From the Thingtester: How to Build an Entire Business on Instagram

Published on
May 14th, 2019
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"My plan was that this was very much just going to be a side project to help me learn more."
Thing Testing has a clear mission: it’s a place to discover and learn more about new things that are changing how we live. That “place” happens to be on Instagram, with VC turned professional product tester Jenny Gyllander behind the curtain.
About a year ago, Jenny launched Thing Testing, an Instagram account dedicated to product reviews that help people find their next favorite brand. Brand is the key word here. Jenny’s first review was AirPods, a product made by a brand most of us recognize and use in our own day-to-day.
Flash forward to today. Jenny has grown Thing Testing from a side project to her full-time gig. The Instagram account now has over 25,000 followers. Jenny has also evolved her testing framework, shifting from products she was already using (like AirPods) to brands with a unique story to tell.
We caught up with Jenny to talk about how she plans to monetize Thing Testing, what brick-and-mortar window displays taught her about design, how she handles social media fatigue (hint: it’s with something physical) and why an account dedicated to sandwiches is one of her favorite Instagram influencers.
On her *aha* moment: I had been working in tech for a number years, and when I eventually moved from Helsinki to London I began to try a lot of products that I had read about on Twitter, TechCrunch, etc. It was everything from services to products — things like Amazon Prime, Sofar Sounds, Birchbox and Psycle. I thought, these things are cool and maybe everyone doesn’t know about them (like I didn’t), so I just wanted to write about them somewhere.
First I searched for “Testingthings” on Instagram, but that was taken. “Thing Testing” was available so I got the domain and 24 hours later, the first review was up. My plan was that this was very much just going to be a side project to help me learn more.
On growing her audience: It was extremely manual at the beginning. I just went into Instagram and followed, liked, commented, etc. After a while, the algorithm started to work in my favor, especially because a lot of the brands I was testing had an Instagram presence. I made a follower survey in February and learned that 30 percent of my followers found me through Instagram Explore and about 30-35 percent of folks say they heard about Thing Testing through friends.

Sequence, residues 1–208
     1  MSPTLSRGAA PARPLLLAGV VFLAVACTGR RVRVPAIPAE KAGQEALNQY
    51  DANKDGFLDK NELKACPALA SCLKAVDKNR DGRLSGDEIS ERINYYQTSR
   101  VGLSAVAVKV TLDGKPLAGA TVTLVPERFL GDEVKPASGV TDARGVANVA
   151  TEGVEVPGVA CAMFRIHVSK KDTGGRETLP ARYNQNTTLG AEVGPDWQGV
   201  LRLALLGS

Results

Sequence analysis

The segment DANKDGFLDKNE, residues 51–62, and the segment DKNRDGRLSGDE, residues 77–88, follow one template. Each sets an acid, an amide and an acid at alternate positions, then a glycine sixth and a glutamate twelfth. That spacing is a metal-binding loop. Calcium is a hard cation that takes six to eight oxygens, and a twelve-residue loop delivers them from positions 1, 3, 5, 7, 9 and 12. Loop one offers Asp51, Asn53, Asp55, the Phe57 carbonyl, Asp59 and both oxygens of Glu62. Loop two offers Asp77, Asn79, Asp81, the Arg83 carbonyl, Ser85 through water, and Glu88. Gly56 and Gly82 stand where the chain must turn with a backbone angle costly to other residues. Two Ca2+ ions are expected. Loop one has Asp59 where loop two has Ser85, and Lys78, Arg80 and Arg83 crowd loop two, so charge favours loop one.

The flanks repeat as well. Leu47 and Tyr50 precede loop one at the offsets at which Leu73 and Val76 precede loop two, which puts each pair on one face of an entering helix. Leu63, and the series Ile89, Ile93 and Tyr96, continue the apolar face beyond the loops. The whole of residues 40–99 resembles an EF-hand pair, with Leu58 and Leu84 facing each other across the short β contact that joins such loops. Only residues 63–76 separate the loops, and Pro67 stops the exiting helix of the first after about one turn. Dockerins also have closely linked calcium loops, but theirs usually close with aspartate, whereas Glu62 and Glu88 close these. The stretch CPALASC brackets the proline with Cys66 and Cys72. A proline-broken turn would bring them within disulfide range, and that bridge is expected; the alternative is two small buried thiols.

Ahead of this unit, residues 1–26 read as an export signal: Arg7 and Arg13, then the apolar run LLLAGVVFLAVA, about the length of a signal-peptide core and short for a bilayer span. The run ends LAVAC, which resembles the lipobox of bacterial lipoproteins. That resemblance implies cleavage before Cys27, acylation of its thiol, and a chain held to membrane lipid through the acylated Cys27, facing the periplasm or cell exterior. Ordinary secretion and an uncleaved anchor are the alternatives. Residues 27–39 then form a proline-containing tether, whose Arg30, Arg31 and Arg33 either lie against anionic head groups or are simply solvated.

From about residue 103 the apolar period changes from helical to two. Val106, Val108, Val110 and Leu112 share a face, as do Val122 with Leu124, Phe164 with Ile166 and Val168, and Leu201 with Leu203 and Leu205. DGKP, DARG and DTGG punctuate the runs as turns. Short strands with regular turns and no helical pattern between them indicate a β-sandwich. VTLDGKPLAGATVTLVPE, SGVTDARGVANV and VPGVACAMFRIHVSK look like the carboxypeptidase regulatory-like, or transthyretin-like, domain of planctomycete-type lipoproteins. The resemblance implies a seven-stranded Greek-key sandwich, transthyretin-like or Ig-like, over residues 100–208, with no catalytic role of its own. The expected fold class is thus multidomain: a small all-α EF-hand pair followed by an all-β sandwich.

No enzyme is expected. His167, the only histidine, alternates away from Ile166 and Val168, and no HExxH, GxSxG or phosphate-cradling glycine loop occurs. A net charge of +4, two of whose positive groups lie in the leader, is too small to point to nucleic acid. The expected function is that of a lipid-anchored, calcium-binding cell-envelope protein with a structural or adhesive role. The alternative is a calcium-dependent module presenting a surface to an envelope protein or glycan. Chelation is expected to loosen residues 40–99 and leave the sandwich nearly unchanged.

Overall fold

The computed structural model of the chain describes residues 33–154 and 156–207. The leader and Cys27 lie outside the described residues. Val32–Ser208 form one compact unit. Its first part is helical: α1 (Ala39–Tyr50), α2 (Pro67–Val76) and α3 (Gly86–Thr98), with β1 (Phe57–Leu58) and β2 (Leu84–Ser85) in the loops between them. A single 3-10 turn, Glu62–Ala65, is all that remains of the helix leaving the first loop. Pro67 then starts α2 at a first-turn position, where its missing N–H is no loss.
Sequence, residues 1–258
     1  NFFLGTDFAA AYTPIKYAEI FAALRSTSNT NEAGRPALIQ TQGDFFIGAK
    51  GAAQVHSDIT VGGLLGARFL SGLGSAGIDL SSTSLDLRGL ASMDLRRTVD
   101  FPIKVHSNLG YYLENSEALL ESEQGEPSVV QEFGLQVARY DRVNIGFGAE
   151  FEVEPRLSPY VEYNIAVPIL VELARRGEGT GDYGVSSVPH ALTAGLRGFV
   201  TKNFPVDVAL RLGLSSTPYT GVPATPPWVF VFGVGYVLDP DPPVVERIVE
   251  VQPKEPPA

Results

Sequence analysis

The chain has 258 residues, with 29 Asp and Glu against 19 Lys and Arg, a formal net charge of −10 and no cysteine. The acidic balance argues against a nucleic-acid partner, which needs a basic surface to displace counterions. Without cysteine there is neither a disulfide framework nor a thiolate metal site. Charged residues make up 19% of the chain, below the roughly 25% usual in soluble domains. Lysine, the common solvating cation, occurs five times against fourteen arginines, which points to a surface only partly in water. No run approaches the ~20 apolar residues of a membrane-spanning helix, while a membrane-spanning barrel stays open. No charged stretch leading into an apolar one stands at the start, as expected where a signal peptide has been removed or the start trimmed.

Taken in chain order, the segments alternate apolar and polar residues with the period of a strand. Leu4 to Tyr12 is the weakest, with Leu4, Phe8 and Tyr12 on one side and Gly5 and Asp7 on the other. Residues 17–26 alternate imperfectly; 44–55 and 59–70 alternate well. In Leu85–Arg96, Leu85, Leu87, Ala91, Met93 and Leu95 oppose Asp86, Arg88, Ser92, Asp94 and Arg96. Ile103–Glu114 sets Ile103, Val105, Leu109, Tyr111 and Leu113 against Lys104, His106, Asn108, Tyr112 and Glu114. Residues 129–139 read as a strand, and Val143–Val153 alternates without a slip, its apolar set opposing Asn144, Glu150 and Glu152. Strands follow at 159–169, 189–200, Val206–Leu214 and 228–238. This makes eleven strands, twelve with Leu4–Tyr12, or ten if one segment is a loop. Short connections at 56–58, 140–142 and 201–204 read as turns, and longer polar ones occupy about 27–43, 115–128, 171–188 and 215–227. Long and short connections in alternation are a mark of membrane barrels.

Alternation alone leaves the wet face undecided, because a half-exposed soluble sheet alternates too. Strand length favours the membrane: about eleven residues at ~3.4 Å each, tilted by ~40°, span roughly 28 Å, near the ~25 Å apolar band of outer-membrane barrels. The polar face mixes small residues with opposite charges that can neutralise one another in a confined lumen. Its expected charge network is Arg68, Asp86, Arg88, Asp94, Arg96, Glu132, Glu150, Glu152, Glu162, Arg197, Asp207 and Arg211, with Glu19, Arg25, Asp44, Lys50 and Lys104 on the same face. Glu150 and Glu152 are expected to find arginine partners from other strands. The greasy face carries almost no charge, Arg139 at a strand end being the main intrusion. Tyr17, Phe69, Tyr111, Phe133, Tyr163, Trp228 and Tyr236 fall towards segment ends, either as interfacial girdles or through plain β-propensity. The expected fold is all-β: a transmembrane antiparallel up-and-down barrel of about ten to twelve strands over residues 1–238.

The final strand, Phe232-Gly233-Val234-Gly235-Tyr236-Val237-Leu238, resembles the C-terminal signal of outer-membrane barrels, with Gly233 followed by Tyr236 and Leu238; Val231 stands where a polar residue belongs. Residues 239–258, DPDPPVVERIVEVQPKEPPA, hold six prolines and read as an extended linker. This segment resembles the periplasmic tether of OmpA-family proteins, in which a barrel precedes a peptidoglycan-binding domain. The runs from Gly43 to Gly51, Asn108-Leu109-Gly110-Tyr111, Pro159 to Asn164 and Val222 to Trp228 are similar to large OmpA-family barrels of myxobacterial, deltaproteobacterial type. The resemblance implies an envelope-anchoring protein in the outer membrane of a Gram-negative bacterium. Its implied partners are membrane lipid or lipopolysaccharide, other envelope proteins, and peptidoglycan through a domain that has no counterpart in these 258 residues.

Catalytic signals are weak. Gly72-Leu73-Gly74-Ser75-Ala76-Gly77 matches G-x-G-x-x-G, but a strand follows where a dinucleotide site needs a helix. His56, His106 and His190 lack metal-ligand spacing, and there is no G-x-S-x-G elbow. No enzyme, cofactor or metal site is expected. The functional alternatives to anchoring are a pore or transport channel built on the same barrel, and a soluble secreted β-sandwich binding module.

At the beginning, I struggled to identify if I was building this more for VCs or for consumers. But what I think is a common trait among VCs and consumers who follow me is curiosity. People tell me that they’ve bought things I’ve reviewed and founders tell me that VCs contact them after being reviewed. It’s great to be a part of that. I’m also so grateful for Hunter Walk for writing that blog post.
On Thing Testing’s aesthetic: I took a gap year to get a visual merchandising degree, which is a one-year program where you learn how to make display windows. I loved it, but this was in 2012 and it was clear that e-commerce was going to eat the world. So we also learned Photoshop and InDesign to learn how to make digital shopping windows. Now I take the photos with an iPhone and do a bit of editing with those tools for the product photography.
On finding new products to test: I still spend 1-2 hours per day browsing Instagram and commenting on things. I think it’s a nice way to discover new brands. These days, I’m also starting to look at who follows me to find new products. And I read about products a lot still. The Time Magazine inventions of the year is like a mecca for me.
On her criteria for testing and reviewing a product: This is something that has 100 percent evolved. If you scroll back to the early products I tested, I reviewed things like Google Home. I wasn’t very strict about reviews — I just wrote about new products I was already trying. Now I have more of a framework because of the sheer amount of different products that launch every day. I look for something unique — whether it be a new material or a specific story — that sets a brand apart in the market. For example, that’s why I reviewed Veja (sustainable sneakers) and Oatly (oat-based milk) more recently.